Third Quarter 2005
INL Quarterly Site Environmental Report
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Another potential pathway for contaminants to reach humans is through the food chain. The ESER Program samples multiple agricultural products and game animals from around the INL and Southeast Idaho. Specifically, milk, wheat, potatoes, garden lettuce, sheep, big game, waterfowl, and marmots are sampled. Milk is sampled throughout the year and large game animals are sampled whenever available. Sheep are sampled during the second quarter. Lettuce, wheat and waterfowl are sampled during the third quarter, while potatoes are collected during the fourth quarter. See Table A-1, Appendix A, for more details on agricultural product and wildlife sampling. This section discusses results from milk, lettuce, wheat, large game, doves and waterfowl sampled during the third quarter of 2005.
Milk samples were collected weekly in Idaho Falls at Reed’s Dairy and monthly at eight other locations around the INL (Figure 12) during the third quarter of 2005. All samples were analyzed for gamma emitting radionuclides. Samples are analyzed for 90Sr and tritium during the second and fourth quarters.
Iodine-131 (131I) was not detected in any milk sample during the third quarter. Cesium-137 was reported in one of the weekly Idaho Falls samples near the detection limit. No 137Cs was detected when the sample was recounted. Data for 131I and 137Cs in milk samples are listed in Appendix C, Table C-7.
In 2004, the ESER Program tested two prototype self-contained lettuce planters at the sampling locations in Atomic City and at the EFS on the INL. These locations were relatively remote and had no access to water, requiring that a self-watering system be developed. This prototype method allows for the placement and collection of lettuce at areas previously unavailable to the public (i.e., on the INL). The planters are set out in the spring with the lettuce grown from seed. This new method also allows for the accumulation of deposited radionuclides on the plant surface throughout the growth cycle.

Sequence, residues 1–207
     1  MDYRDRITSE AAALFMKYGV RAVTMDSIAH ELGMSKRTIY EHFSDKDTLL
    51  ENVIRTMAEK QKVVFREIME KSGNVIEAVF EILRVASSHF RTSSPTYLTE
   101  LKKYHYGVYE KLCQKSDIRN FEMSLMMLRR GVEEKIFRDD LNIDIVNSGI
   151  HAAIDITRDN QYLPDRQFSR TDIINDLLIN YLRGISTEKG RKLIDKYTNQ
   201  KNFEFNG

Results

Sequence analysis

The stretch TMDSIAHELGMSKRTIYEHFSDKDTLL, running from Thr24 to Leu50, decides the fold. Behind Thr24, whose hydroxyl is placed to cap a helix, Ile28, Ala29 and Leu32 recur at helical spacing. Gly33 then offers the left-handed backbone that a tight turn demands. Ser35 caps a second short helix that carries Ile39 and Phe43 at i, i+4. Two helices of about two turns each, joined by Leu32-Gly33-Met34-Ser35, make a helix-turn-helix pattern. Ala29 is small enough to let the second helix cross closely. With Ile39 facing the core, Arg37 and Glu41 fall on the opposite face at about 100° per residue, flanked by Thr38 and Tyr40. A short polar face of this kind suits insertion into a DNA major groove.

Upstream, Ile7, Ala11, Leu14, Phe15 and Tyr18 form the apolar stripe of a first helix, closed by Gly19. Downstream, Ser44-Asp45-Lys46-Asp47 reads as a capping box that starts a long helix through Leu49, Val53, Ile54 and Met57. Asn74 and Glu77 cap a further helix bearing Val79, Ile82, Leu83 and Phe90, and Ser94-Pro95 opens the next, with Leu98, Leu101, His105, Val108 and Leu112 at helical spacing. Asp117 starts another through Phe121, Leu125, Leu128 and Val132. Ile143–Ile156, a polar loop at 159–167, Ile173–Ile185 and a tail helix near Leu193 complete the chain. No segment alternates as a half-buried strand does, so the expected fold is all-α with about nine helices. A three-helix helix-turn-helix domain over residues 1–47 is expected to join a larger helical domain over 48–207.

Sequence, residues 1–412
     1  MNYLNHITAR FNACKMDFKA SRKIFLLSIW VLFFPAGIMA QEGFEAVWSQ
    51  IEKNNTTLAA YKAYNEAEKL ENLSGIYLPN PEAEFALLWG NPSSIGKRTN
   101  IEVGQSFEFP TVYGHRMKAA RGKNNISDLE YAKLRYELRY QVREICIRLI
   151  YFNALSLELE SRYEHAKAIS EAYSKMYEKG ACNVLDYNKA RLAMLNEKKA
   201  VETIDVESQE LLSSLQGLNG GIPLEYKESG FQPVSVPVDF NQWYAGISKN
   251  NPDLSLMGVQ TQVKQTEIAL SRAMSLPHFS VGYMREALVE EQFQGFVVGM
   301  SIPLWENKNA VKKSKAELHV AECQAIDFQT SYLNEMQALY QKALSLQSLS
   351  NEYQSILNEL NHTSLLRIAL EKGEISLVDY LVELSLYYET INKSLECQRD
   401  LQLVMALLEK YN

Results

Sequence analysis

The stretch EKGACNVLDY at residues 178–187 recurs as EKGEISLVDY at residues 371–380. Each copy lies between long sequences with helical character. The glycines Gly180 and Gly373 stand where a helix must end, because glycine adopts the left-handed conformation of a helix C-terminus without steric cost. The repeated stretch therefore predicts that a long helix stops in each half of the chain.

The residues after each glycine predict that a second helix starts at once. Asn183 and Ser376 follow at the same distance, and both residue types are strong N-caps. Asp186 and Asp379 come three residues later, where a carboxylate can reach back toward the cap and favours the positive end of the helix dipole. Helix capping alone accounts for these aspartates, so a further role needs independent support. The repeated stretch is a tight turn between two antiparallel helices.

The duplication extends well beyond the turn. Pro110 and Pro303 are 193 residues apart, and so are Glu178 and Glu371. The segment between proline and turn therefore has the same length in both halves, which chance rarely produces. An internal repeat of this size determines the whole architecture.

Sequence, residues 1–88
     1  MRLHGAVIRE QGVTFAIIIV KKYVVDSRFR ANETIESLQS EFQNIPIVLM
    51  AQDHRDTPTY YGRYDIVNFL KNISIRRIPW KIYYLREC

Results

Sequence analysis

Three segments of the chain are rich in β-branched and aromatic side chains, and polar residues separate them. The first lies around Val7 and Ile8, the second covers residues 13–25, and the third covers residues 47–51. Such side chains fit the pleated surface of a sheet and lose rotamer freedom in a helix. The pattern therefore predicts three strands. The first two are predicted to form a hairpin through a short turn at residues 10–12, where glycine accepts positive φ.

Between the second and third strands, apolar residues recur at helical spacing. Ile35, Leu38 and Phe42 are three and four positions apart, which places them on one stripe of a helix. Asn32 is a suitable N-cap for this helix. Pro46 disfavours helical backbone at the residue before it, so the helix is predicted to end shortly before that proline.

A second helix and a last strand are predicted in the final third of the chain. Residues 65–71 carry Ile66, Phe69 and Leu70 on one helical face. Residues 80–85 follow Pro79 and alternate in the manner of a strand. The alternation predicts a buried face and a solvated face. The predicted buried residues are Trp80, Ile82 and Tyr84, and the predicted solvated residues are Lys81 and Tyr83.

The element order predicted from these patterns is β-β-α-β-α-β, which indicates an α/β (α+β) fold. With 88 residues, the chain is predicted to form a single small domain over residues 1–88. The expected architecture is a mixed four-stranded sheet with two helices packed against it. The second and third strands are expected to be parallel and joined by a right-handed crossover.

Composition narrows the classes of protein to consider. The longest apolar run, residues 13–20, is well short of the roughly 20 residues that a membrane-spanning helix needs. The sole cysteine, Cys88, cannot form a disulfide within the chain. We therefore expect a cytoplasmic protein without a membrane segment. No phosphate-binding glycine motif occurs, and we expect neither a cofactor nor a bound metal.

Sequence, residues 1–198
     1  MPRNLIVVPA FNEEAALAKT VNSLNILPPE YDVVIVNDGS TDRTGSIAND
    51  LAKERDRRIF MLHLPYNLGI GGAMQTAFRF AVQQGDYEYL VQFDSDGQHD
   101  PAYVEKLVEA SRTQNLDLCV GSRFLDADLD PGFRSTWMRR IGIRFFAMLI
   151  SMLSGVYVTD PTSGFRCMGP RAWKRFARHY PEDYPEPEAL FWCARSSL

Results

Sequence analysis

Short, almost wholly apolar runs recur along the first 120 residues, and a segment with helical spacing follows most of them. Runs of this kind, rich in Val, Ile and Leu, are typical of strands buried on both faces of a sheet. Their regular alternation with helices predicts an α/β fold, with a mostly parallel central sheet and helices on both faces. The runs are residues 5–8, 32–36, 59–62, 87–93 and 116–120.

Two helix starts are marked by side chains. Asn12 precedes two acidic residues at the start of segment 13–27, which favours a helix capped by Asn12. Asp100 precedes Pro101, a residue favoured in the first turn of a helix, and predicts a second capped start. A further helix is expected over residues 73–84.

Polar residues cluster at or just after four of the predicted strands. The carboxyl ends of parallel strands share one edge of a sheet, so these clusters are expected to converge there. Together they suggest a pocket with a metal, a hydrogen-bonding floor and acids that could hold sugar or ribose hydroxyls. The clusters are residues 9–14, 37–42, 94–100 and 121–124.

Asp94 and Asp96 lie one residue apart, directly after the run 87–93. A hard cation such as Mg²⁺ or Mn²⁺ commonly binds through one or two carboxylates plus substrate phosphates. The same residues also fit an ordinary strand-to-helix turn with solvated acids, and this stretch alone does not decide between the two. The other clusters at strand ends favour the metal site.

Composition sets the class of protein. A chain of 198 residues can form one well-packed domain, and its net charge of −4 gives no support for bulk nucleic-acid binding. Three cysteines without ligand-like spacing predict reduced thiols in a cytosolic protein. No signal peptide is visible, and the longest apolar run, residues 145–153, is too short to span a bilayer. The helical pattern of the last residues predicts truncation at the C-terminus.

Seven lettuce samples and one duplicate sample were collected from private gardens and one prototype planter. The lettuce crop failed in the planter located at the EFS in 2005. Each sample was analyzed for gamma-emitting radionuclides and 90Sr. No gamma results were measured above the 3s uncertainty value. Strontium-90 was reported in one sample from the distant location of Pocatello. The quantity detected is consistent with those found in previous years, which are attributed to uptake of soil with residual 137Cs and 90Sr from nuclear weapons testing that took place between 1945 and 1980.
137Cs and 90Sr in all lettuce samples taken during the
third quarter are listed in
Table C-8 (Appendix C).
A total of 12 wheat samples (including one duplicate) were collected from local grain growers. All samples were analyzed for gamma-emitting radionuclides and 90Sr. No man-made radionuclides were positively detected in wheat samples above their 3s levels during 2005. Data for 137Cs and 90Sr in all wheat samples taken during the third quarter are listed in Appendix C, Table C-9.
Two large game animals were sampled during the third quarter of 2005. One (a mule deer) was killed in the vicinity of the Central Facilities Area and the other (a pronghorn) was killed on Idaho 33 near Test Area North. No manmade gamma-emitting radionuclides were found in any of the tissues from the two animals sampled. Data for 137Cs and 131I in third quarter large game samples are listed in Appendix C, Table C-10.
Dove samples were collected from a wastewater pond in the vicinity of the Materials and Fuels Complex (MFC) located on the INL and from the distant locations of Rigby and Jerome. Due to the small size of the doves, edible tissues from several doves were composited into each sample. No manmade gamma-emitting radionuclides were found in any of the three samples.